NEW YORK – The Susan G. Komen for the Cure breast-cancer charity on Friday abandoned plans to deny funding to Planned Parenthood. The startling decision came after three days of virulent criticism that resounded across the Internet, jeopardizing Komen's iconic image.
"We want to apologize to the American public for recent decisions that cast doubt upon our commitment to our mission of saving women's lives," a Komen statement said.
As first reported by The Associated Press on Tuesday, Komen had adopted criteria excluding Planned Parenthood from future grants for breast-cancer screenings because it was under government investigation, citing a probe launched by a Florida congressman at the urging of anti-abortion groups.
Komen said it would change the criteria "to make clear that disqualifying investigations must be criminal and conclusive in nature and not political."
"We will continue to fund existing grants, including those of Planned Parenthood, and preserve their eligibility to apply for future grants," the statement said.
Many of Komen's affiliates across the country had openly rebelled against the decision to cut the funding, which totaled $680,000 in 2011. One affiliate, in Aspen, Colo., had announced Thursday that it would defy the new rules and continue grants to its local Planned Parenthood partner.
In addition, Komen was inundated with negative comments via emails, on Twitter and on its Facebook page. Many of the messages conveyed a determination to halt gifts to Komen — organizer of the popular Race for the Cure events — because of the decision.
Meanwhile, Planned Parenthood was reporting an outpouring of support — donations large and small, triggered by the Komen decision, that it said surpassed $3 million since the story broke. It has pledged to use the funds to maintain and expand its breast health services.
Planned Parenthood's president, Cecile Richards, thanked those donors Friday and welcomed Komen's change of heart.
"We are enormously grateful that the Komen Foundation has clarified its grantmaking criteria," Richards said. "What these past few days have demonstrated is the deep resolve all Americans share in the fight against cancer."
Through the Komen grants, Planned Parenthood says its health centers provided nearly 170,000 clinical breast exams and more than 6,400 mammogram referrals over the past five years.
Komen, in its statement, said it was immediately starting an outreach to its affiliates and supporters to get the charity back on track.
"We urge everyone who has participated in this conversation across the country over the last few days to help us move past this issue," Komen said. "We do not want our mission marred or affected by politics — anyone's politics."
On Tuesday, when Komen's plans to stop funding Planned Parenthood were revealed, there was an immediate and powerful reaction. Anti-abortion activists, long opponents of Planned Parenthood, applauded the decision, and said that they would now be able to support Komen's activities.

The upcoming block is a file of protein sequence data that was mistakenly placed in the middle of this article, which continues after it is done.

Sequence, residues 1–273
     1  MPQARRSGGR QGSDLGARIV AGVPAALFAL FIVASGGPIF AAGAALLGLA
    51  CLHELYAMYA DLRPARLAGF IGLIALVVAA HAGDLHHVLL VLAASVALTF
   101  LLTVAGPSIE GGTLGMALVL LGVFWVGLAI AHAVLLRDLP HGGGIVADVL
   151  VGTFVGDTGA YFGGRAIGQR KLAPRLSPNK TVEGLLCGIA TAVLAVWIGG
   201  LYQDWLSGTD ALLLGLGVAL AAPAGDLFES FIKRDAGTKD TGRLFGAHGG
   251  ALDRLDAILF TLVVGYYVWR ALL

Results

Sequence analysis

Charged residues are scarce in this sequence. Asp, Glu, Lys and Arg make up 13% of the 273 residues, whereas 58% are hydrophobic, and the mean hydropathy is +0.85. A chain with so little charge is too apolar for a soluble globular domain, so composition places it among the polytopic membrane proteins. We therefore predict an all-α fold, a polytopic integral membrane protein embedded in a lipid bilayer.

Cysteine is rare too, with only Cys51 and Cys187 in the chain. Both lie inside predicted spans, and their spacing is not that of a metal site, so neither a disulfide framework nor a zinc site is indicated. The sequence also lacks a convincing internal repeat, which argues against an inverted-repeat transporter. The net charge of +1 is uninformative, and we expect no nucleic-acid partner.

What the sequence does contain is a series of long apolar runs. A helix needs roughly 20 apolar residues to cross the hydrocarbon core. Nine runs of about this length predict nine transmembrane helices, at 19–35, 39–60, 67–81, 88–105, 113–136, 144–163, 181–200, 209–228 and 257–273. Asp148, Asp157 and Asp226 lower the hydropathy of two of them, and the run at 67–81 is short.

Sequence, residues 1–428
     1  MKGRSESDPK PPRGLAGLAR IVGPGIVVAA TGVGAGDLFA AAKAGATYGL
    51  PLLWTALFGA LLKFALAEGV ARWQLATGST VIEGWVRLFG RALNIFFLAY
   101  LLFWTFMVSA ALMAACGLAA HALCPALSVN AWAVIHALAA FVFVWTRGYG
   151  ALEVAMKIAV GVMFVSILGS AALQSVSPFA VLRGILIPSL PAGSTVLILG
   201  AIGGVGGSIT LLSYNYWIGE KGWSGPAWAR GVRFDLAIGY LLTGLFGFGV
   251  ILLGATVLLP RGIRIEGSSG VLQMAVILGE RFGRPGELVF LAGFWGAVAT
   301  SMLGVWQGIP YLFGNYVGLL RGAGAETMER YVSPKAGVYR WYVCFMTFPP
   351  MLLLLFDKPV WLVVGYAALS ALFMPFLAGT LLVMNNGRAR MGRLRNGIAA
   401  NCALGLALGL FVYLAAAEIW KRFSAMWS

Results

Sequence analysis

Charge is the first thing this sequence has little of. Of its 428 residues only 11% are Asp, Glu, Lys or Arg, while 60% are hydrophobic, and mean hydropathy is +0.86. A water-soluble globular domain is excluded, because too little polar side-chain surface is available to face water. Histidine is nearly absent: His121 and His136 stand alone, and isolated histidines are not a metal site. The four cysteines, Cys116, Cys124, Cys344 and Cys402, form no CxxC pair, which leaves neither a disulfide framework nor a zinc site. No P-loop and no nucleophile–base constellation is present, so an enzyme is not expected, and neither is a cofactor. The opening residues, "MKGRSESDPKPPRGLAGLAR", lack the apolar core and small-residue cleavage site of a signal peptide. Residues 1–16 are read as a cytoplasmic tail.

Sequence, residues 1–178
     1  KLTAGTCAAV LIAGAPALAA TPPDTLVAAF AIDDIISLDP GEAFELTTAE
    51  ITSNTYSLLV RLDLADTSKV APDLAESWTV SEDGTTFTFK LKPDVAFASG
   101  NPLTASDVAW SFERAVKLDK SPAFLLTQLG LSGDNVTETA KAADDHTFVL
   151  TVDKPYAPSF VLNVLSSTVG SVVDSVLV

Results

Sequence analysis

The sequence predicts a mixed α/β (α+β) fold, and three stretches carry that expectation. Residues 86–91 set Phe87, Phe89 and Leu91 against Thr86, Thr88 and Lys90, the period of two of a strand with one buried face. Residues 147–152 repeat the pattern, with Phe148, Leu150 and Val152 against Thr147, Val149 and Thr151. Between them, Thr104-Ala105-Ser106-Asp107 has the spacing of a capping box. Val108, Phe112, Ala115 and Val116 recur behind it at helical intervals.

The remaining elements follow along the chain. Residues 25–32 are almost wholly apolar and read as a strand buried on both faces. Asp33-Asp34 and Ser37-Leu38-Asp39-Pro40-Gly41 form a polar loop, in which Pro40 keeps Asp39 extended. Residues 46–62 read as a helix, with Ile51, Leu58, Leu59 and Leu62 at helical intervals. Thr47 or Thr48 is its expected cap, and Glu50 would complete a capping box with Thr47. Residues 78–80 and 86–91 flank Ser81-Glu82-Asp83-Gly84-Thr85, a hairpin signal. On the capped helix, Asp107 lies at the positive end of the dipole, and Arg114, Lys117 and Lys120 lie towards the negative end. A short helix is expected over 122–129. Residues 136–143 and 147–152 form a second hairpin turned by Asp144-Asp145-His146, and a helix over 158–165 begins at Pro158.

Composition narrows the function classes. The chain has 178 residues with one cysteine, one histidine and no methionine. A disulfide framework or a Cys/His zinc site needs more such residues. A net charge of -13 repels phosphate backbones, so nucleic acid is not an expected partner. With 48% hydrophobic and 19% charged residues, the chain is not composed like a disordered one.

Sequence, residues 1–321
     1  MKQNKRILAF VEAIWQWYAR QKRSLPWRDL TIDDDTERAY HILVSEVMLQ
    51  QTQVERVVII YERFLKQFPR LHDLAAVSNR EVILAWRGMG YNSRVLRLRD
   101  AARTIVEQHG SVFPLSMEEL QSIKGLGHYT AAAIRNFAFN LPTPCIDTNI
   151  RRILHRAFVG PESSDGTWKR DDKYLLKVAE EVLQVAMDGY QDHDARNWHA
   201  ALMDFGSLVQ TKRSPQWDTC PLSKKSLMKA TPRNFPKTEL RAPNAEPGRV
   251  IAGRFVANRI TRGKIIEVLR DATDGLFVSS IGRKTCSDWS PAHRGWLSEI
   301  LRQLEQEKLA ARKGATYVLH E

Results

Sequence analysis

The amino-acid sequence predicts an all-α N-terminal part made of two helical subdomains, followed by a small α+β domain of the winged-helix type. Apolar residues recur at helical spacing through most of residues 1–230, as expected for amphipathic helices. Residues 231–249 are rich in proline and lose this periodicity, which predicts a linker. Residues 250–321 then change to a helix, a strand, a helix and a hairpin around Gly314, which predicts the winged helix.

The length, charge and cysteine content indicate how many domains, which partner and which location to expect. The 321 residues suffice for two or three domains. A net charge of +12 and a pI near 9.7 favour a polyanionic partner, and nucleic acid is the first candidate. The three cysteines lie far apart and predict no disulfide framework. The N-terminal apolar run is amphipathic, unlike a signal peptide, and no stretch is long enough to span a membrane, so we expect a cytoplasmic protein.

But others decried what they considered a political act by a charity that had become ubiquitous in the fight against breast cancer.
A family foundation in Dallas made a $250,000 donation to Planned Parenthood, and New York Mayor Michael Bloomberg made a $250,000 matching pledge against future donations. In Washington, 26 U.S. senators — all Democrats except for independent Bernie Sanders of Vermont — signed a letter calling on Komen to reconsider its decision.
"It would be tragic if any woman — let alone thousands of women — lost access to these potentially lifesaving screenings because of a politically motivated attack," they wrote.
On Thursday, Komen's top leaders held their first news conference since the controversy erupted and denied that its decision was driven by pressure from anti-abortion groups.
"We don't base our funding decisions ... on whether one side or the other will be pleased," said Komen's founder and CEO, Nancy Brinker.
While previously Komen had said it had merely decided to bar grants to organizations under investigation, Brinker insisted there were additional factors, notably changes in the types of breast-health service providers it wanted to support.
A source with direct knowledge of decision-making at Komen's headquarters in Dallas gave a different account, saying the new policies were adopted with the deliberate intention of targeting Planned Parenthood. According to the source, who spoke on condition of anonymity for fear of repercussions, a driving force behind the move was Karen Handel, hired by Komen last year as vice president for public policy after losing a campaign for governor in Georgia in which she stressed her anti-abortion views and frequently denounced Planned Parenthood.
Brinker, in an interview with MSNBC, said Handel didn't have a significant role in the policy change.